The pastor visited them in their home later and asked the question if they were Christians. And my mother said she was rather offended, because she had a picture of Jesus, you know, on top of their dining table; and this pastor actually asked them if they knew Christ personally. So in their adult years after I was born is when they welcomed the Lord Jesus personally.
Darrell Bock:
Now let's talk about India as a country first. The make-up of India in terms of religious affiliations, how does that break down?
Ramesh Richard:
India is a secular democracy constitutionally so, but the majority are from the Hindu faith, and inside Hinduism is as much a variety as there is inside the Christian faith and the Islamic faith. But 80-some percent would be from the Hindu faith. And then we have a very large population of Muslims as well, depending on who counts between 12-15 percent. But 12-15 percent of 1.2 billion people is a very large, large people group.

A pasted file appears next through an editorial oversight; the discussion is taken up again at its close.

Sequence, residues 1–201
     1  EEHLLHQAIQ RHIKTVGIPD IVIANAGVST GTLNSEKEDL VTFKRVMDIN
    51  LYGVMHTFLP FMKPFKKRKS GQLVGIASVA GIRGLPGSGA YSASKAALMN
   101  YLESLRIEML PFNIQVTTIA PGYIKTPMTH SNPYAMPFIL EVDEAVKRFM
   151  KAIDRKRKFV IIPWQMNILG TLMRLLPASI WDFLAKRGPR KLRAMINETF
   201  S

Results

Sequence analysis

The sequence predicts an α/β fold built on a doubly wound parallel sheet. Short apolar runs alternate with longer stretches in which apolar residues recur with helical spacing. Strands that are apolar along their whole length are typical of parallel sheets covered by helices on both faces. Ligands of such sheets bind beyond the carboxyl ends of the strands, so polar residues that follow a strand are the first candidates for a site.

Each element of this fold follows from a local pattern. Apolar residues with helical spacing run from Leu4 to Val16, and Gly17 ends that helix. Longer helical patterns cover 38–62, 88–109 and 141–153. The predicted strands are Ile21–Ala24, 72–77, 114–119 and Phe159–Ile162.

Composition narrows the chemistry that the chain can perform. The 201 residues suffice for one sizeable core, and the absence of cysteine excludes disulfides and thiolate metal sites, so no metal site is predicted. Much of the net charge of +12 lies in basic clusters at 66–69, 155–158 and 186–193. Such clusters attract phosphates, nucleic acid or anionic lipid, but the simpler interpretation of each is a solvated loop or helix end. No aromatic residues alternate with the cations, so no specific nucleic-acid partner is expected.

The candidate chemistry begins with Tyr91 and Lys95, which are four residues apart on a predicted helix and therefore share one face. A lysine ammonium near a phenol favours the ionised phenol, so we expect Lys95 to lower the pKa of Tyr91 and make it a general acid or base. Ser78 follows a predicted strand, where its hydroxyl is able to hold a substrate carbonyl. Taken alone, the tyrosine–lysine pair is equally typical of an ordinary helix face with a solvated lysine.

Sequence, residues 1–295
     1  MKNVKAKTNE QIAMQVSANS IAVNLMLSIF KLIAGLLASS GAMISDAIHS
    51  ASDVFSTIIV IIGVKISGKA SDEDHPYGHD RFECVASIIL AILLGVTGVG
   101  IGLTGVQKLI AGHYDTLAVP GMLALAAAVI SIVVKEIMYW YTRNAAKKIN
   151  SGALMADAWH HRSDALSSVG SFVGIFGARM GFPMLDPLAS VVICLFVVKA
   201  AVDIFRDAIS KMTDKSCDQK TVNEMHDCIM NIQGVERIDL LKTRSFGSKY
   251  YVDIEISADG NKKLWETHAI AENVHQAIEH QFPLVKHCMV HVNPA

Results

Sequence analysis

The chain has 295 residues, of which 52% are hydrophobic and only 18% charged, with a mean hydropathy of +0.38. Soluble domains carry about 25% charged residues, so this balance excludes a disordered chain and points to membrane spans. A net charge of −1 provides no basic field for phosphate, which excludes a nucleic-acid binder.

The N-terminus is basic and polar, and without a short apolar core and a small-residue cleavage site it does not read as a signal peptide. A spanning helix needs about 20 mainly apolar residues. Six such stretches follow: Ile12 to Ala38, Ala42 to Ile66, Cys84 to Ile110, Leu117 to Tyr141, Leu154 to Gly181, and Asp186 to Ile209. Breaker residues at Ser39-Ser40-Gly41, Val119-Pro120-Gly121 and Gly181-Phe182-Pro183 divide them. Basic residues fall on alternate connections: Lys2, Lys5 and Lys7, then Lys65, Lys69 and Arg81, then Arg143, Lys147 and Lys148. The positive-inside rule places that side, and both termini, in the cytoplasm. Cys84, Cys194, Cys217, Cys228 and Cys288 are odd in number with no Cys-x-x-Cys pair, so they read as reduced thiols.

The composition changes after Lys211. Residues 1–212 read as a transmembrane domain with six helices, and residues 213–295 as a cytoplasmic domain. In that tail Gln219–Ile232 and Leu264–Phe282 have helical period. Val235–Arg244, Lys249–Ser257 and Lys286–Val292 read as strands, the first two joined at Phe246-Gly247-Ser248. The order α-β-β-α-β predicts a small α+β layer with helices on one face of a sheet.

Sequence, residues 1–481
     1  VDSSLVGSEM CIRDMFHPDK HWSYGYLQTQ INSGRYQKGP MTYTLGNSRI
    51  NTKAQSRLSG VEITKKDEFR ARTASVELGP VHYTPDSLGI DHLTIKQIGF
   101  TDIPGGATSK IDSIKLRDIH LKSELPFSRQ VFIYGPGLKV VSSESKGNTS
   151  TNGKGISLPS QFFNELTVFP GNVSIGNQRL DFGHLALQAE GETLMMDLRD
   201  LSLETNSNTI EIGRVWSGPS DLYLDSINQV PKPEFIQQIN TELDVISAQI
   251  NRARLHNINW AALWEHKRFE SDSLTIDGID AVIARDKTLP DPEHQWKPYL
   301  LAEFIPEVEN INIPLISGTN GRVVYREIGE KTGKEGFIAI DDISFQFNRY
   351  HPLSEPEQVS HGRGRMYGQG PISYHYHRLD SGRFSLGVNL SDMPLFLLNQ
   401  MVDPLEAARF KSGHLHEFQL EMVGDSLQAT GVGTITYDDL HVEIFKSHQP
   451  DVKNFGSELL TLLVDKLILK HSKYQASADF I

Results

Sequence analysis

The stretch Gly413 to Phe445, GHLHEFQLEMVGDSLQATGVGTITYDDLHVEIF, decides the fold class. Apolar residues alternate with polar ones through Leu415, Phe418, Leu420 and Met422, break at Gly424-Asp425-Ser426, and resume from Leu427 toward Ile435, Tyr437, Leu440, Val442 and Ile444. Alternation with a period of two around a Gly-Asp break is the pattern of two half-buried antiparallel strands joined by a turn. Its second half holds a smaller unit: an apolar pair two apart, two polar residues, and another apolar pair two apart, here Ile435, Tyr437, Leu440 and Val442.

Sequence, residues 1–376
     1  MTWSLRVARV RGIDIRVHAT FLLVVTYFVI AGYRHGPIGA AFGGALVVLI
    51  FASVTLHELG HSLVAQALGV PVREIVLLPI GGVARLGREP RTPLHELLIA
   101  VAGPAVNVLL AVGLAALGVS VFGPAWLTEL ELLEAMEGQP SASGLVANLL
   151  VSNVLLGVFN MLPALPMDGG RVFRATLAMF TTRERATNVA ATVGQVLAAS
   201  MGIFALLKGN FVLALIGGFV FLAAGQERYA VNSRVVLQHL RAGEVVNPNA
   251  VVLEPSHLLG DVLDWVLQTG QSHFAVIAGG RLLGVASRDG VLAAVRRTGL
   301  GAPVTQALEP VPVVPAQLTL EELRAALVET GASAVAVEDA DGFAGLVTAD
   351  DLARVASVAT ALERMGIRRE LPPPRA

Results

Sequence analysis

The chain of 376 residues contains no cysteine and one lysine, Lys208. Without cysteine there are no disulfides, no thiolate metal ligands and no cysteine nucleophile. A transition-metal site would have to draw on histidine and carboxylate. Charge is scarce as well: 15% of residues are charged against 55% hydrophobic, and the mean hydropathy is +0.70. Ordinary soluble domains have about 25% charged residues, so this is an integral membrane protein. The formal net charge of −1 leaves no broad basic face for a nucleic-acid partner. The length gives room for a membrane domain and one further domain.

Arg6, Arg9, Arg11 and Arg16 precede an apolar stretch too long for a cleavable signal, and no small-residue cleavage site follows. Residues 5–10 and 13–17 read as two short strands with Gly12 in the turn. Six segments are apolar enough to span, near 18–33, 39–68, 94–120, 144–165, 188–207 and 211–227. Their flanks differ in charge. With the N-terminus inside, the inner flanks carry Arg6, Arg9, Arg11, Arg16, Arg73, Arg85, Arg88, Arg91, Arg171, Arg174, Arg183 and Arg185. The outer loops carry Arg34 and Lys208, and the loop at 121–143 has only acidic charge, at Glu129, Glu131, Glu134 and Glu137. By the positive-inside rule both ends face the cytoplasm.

And then we have Christians who have been there from the very beginning of the faith, according to some historical evidence, but often a creation with legend as you are so capable of discerning those, Darrell. They count 2.6 percent Christians, but some think they're much, much higher, because of a vast movement of the Spirit of God on the country of India.
You know, there are lots of places where there was no evidence of the faith, but the last 20-30 years, just powerful presence of Christ – church plants, movements of missionaries inside the nation, which is really about 25 nations in the borders of India. So God is doing some wonderful things there.
Darrell Bock: